"They could be." Amaryl rubbed his eyes and Dors could not help thinking how old and tired he seemed to have grown in the last couple of years. He was younger than Hari by nearly a dozen years, but he seemed much older.
"Of course," Amaryl went on in a rather weary voice, "we hope that they aren't all wrong, but that's where the second difficulty comes in. Although Hari and I have been testing and modifying them for decades, we can never be sure what the equations mean. The computer has constructed them, so it is to be presumed they must mean something-but what? There are portions that we think we have worked out. In fact, right now, I'm working on what we call Section A-23, a particularly knotty system of relationships. We have not yet been able to match it with anything in the real Universe. Still, each year sees us further advanced and I look forward confidently to the establishment of psychohistory as a legitimate and useful technique for dealing with the future."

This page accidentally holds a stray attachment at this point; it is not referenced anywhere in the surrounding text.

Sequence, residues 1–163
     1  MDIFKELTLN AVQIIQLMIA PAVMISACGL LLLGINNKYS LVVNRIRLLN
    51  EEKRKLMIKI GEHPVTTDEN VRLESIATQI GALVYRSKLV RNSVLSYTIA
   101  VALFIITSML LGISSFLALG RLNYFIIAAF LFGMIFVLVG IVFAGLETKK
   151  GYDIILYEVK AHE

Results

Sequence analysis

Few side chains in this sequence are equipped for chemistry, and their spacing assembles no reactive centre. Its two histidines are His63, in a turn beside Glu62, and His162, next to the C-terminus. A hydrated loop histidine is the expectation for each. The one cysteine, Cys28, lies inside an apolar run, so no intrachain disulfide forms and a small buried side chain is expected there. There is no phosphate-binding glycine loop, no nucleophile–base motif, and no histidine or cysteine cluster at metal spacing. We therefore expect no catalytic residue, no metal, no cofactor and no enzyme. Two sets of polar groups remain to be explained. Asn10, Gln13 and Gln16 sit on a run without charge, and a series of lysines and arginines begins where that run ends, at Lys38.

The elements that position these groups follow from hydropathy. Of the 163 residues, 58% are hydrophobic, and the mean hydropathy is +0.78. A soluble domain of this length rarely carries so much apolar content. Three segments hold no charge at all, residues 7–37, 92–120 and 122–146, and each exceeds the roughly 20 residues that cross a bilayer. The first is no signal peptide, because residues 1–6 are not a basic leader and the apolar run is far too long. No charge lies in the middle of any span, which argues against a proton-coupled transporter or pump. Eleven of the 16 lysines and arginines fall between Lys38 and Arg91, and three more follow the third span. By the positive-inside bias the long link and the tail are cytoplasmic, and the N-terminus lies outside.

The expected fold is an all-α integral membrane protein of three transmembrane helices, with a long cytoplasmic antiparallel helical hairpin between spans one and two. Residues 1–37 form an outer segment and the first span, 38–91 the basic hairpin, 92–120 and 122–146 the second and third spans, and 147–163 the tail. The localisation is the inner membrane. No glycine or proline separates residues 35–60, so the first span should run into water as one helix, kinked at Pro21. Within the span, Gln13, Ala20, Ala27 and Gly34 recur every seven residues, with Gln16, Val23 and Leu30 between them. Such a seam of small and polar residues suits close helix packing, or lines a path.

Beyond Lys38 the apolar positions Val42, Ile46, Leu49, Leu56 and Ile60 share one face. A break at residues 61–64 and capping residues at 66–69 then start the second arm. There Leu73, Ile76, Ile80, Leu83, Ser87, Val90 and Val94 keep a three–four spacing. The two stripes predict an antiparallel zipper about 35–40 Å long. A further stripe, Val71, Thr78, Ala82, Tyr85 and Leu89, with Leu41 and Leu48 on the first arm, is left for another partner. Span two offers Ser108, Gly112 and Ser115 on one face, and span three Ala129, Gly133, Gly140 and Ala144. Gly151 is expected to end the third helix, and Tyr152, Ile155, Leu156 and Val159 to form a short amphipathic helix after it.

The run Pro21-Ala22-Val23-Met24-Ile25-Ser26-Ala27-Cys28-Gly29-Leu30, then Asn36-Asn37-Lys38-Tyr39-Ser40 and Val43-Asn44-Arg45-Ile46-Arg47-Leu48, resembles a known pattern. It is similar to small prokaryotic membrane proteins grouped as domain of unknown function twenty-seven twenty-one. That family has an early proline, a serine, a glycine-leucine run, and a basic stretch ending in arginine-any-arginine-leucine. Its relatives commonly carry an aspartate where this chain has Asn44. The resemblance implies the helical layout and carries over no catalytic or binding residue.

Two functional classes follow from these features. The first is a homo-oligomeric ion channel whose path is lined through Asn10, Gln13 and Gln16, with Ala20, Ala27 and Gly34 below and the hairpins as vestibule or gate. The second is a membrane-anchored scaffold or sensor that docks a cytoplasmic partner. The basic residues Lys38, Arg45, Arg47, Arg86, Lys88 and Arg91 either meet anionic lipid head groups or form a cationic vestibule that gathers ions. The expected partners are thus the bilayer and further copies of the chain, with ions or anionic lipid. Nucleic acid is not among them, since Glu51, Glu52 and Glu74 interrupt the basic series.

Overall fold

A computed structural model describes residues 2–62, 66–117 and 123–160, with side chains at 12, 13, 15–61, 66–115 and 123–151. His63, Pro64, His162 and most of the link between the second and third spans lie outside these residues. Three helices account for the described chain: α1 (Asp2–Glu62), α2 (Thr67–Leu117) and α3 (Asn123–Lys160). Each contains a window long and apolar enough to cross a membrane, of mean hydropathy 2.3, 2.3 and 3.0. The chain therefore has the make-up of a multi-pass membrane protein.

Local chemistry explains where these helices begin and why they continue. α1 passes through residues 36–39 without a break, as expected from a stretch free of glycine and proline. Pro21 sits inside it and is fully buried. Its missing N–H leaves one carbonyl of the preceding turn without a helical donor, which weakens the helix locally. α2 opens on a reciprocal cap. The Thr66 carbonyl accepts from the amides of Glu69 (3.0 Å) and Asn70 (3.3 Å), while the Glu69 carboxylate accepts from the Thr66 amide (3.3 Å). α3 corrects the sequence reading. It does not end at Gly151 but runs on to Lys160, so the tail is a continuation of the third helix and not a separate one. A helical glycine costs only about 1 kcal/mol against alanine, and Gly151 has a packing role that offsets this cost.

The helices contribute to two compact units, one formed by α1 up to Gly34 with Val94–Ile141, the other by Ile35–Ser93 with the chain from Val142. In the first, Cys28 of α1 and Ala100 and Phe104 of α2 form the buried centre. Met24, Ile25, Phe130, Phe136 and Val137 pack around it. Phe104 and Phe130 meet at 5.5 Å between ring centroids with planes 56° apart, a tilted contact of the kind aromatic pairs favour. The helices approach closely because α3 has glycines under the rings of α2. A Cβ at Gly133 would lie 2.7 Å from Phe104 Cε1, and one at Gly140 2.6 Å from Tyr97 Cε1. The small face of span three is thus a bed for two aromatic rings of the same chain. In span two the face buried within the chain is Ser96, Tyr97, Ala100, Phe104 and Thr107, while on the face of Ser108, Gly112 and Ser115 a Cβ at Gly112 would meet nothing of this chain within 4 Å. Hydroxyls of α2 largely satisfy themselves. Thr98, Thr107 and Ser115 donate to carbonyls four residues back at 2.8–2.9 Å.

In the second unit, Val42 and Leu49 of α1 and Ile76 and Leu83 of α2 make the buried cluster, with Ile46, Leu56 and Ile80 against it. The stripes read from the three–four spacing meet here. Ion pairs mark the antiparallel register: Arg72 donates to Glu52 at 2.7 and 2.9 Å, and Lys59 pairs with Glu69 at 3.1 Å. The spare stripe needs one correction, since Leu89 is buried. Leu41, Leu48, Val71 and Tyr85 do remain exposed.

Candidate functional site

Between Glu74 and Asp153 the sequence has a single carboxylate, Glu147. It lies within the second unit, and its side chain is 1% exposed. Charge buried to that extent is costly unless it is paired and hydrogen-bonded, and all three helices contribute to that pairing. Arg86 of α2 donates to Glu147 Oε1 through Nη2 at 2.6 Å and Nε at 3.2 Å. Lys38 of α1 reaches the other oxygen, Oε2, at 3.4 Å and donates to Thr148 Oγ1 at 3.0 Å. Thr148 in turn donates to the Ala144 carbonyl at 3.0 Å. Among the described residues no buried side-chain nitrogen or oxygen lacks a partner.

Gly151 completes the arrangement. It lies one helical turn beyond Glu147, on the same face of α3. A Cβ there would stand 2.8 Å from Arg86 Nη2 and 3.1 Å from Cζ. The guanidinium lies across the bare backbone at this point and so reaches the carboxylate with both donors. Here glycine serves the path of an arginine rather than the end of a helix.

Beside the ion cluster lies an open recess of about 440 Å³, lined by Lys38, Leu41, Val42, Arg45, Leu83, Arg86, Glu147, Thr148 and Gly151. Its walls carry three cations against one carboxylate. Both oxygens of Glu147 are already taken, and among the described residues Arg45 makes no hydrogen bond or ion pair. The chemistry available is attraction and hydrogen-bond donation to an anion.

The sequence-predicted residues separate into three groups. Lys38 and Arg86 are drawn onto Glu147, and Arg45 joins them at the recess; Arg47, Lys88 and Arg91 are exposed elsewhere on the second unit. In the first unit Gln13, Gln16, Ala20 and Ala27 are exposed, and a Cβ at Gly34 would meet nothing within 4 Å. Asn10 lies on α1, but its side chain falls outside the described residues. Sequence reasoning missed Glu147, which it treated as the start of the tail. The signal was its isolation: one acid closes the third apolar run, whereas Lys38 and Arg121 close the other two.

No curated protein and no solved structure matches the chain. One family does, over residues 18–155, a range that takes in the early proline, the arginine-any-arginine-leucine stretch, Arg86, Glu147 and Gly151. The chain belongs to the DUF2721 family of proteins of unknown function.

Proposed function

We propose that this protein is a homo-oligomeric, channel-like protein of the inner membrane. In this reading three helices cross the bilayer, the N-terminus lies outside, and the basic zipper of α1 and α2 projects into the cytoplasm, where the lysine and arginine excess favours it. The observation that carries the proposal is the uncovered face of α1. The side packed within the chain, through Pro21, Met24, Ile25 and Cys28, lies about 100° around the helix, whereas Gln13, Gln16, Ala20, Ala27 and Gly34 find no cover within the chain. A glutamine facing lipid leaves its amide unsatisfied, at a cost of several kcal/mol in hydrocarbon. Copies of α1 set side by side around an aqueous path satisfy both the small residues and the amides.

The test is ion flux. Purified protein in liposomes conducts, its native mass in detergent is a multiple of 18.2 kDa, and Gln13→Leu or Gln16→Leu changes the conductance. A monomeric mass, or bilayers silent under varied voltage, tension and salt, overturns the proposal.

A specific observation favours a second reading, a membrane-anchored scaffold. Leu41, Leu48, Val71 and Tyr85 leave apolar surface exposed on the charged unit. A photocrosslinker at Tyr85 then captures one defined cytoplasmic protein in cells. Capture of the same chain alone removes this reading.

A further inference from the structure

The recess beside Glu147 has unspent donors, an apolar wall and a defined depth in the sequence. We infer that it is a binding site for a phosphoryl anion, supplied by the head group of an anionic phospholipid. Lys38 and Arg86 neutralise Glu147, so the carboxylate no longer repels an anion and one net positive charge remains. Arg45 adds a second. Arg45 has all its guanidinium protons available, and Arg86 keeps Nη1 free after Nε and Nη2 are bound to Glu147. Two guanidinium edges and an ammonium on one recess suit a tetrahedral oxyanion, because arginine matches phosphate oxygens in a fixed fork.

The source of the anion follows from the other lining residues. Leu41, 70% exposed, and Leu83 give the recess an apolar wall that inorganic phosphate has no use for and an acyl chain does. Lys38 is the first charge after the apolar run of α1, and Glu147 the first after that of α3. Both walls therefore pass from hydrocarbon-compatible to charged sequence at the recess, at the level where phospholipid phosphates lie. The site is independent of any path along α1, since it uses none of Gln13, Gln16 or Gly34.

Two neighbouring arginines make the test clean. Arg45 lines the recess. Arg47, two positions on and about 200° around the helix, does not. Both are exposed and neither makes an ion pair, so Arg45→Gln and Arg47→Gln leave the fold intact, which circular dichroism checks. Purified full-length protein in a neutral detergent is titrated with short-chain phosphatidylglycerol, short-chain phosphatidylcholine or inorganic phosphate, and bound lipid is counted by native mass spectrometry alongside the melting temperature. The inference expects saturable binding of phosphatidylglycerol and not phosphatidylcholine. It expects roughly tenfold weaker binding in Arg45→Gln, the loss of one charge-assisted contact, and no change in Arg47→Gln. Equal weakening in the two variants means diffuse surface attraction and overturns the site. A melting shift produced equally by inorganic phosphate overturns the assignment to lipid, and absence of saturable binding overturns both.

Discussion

"How many people have access to these Prime Radiants?"
"Every mathematician in the Project has access but not at will. There have to be applications and time allotted and the Prime Radiant has to be adjusted to the portion of the equations a mathematician wishes to refer to. It gets a little complicated when everyone wants to use the Prime Radiant at the same time. Right now, things are slow, possibly because we're still in the aftermath of Hari's birthday celebration."
"Is there any plan for constructing additional Prime Radiants?"
Amaryl thrust out his lips. "Yes and no. It would be very helpful if we had a third, but someone would have to be in charge of it. It can't just be a community possession. I have suggested to Hari that Tamwile Elar-you know him, I think- "
"Yes, I do."
"That Elar have a third Prime Radiant. His achaotic equations and the Electro-Clarifier he thought up make him clearly the third man in the Project after Hari and myself. Hari hesitates, however."
"Why? Do you know?"
"If Elar gets one, he is openly recognized as the third man, over the Head of other mathematicians who are older and who have more senior status in the Project. There might be some political difficulties, so to speak. I think that we can't waste time in worrying about internal politics, but Hari-Well, you know Hari."